Focusing on Foreshadowing
Updated: Sep 14
If you’re a writer, or even a student, you should know what foreshadowing is. It is when clues are given in a story, visual or written, that something might happen later. While twists and surprises are important, too, foreshadowing is essential. After all, everything that happens in a story must be crucial to the plot—eventually.
That being said, I have witnessed some stories using too much foreshadowing, such as the Disney-animated movie, Aladdin. Don’t worry. Aladdin is a great movie and I enjoyed it very much. However, I still think it overdid it on the foreshadowing, and therefore, it was a bit too predictable for me.
That is another thing to watch out for—too much foreshadowing can displease the reader or audience. Notice how in most forms of storytelling, there is a balance of foreshadowing and unexpected plot twists? That is what people want. It makes a story more enjoyable. A little bit of both is what makes a book, movie, TV show, play, or anything else more pleasurable.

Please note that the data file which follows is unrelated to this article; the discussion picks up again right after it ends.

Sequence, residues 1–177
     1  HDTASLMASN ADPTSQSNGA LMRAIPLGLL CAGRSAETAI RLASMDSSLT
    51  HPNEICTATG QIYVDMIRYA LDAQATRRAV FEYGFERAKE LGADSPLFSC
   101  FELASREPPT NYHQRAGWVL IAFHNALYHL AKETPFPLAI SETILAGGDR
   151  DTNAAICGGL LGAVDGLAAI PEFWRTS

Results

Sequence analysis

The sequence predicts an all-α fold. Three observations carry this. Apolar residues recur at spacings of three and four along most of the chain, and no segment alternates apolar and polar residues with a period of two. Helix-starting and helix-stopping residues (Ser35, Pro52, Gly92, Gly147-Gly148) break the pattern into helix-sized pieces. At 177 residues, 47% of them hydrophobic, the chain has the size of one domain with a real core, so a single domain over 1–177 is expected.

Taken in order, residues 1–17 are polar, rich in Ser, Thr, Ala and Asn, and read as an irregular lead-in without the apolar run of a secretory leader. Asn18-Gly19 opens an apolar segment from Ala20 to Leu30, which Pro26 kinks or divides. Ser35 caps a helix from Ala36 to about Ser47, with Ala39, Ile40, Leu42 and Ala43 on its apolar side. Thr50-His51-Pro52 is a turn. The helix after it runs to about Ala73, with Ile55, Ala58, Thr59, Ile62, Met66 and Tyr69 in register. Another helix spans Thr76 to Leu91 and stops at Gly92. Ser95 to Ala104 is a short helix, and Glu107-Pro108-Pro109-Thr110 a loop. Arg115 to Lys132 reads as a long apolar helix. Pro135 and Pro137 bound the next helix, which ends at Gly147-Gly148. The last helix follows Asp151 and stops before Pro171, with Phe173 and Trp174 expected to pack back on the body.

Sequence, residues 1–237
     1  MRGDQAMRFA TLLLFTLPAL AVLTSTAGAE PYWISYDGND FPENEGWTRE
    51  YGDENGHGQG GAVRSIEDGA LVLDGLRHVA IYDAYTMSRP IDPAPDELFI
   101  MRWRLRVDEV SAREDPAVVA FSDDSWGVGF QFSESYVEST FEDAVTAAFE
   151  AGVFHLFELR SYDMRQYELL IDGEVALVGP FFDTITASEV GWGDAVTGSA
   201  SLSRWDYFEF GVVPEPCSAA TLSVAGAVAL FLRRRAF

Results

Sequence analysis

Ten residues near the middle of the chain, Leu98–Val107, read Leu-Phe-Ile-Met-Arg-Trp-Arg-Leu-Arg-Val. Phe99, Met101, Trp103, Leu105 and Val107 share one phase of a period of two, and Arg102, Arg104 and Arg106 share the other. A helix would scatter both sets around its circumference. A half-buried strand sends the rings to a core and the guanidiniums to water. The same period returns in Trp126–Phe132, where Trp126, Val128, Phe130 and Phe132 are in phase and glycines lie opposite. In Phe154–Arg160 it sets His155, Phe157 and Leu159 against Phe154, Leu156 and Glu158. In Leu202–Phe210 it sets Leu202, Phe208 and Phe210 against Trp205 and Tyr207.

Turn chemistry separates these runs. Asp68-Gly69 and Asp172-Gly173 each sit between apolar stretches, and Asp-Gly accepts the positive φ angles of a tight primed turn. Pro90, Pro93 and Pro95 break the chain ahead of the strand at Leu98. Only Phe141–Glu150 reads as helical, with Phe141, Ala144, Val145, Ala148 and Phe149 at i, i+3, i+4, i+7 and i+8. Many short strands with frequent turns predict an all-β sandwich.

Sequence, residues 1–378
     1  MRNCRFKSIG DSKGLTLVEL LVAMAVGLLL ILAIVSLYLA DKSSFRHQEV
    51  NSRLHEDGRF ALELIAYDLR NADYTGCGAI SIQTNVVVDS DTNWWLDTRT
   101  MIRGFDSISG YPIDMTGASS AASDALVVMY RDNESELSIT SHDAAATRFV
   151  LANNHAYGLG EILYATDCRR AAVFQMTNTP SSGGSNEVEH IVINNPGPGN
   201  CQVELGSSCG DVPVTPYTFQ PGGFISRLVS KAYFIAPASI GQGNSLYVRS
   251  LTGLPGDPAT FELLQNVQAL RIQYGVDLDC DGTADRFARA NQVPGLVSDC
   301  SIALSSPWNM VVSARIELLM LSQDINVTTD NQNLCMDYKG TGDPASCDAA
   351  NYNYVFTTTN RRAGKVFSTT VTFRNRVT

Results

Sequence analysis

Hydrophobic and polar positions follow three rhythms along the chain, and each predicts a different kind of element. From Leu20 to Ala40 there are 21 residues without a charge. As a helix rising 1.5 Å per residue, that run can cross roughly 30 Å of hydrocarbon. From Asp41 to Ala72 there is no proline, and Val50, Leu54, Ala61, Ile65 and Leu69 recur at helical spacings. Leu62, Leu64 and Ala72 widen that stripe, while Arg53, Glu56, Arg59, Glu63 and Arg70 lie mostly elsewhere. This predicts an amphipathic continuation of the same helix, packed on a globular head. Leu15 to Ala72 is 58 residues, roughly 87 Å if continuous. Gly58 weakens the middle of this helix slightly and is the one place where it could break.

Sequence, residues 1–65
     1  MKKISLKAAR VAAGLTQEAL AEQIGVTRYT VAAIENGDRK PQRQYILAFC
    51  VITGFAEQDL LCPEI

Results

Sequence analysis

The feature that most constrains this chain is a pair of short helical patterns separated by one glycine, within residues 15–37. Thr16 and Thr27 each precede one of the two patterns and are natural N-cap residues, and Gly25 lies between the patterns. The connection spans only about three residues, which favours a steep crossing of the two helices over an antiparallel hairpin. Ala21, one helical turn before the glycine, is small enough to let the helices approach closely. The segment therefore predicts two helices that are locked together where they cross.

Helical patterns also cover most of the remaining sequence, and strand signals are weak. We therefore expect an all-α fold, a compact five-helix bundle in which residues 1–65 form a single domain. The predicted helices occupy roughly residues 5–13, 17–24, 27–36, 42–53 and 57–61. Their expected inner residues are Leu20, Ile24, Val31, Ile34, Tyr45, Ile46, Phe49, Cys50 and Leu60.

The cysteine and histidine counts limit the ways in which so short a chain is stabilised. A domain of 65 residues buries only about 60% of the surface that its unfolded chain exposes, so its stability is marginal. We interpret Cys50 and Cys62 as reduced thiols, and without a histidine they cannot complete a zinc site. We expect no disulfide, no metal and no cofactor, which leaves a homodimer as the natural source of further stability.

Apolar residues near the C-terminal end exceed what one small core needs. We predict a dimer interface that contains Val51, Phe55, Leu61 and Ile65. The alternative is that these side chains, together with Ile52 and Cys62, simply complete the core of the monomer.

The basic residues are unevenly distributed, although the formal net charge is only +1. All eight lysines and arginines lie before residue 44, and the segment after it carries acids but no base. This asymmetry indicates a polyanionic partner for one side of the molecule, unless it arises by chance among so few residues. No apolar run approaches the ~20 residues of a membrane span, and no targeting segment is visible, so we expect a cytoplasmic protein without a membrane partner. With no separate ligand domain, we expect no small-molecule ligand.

I, myself, have used some foreshadowing in my own books. For example, in one of them, the antagonist hears my main character’s dog bark, and then leaves. I won’t spoil anything beyond that. However, I will assure you that the specific moment foreshadows something that is bound to occur later and remains important.
In another novel of mine, there are characters that are introduced through the phone, but don’t appear in person until later. Once again, I won’t spoil anything. In fact, spoiling is another risk you run when you foreshadow too much.
Of course, it is not easy to use foreshadowing properly. But as you learn over time, it can be doable for you.